Possible Means of Tuning Chemical Bonds Discovered
While some people may envision chemistry as the careful combination of liquids and powders, it involves a great deal more. Understanding the bonds between molecules is a necessity as these bonds have a major impact on the materials. Now researchers at Berkeley Lab, Rice University, and more have discovered a way to affect the molecular bonds within fullerenes, or buckyballs.
Fullerenes are a type of carbon molecule that have a spherical shape and special properties (like many other carbon allotropes). Despite their common portrayal as sticks or springs, chemical bonds are actually regions between atoms where the electrical charge of the atoms' electrons are distributed. This adheres the atoms together as they do not wish to disrupt that distribution. The researchers however have discovered a way to do just that by applying a voltage and passing a current through the molecule. The discovery came about by measuring the vibrational modes of the bonds. As no theory explained why the modes would change as they did, the researchers got to work on a new theory. This new theory explains that the applied voltage affects the amount of electronic charge on the fullerene, and this is what tunes the bond strength.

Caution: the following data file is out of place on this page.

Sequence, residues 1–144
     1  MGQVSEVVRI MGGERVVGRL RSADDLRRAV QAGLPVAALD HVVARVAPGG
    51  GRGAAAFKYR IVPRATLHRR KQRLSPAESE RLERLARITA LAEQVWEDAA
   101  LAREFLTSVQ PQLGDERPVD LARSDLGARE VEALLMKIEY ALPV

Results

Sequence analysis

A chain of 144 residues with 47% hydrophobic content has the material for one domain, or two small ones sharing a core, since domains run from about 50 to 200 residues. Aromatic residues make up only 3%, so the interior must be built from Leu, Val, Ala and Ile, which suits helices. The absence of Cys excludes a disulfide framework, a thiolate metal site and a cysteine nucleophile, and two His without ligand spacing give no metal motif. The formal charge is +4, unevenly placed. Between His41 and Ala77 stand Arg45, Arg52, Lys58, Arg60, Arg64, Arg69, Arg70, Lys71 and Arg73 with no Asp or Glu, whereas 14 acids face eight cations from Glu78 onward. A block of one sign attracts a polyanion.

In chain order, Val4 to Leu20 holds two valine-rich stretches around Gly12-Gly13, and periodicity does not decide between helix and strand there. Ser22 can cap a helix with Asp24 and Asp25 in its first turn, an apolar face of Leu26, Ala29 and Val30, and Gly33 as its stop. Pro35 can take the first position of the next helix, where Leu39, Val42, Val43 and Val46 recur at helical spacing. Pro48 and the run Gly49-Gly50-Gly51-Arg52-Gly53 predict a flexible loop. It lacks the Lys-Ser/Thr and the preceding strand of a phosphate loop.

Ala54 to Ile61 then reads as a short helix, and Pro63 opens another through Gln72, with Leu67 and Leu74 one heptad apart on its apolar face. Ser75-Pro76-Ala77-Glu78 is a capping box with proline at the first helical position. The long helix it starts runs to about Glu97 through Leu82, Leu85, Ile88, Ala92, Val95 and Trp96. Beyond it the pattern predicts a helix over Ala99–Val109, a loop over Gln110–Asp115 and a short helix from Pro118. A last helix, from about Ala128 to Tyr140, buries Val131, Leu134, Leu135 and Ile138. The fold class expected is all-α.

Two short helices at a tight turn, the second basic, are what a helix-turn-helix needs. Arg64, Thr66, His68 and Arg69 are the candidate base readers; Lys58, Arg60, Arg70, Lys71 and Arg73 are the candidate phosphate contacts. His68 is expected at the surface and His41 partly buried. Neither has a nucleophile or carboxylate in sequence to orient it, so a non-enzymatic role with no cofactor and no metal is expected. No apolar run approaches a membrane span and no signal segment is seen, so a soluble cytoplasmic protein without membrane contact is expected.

The ability to tune the chemical bonds within a molecule is equivalent to the ability to tune the molecules properties. Potentially we could see this research being used to for applications in energy and catalysis.
Source: Berkeley Lab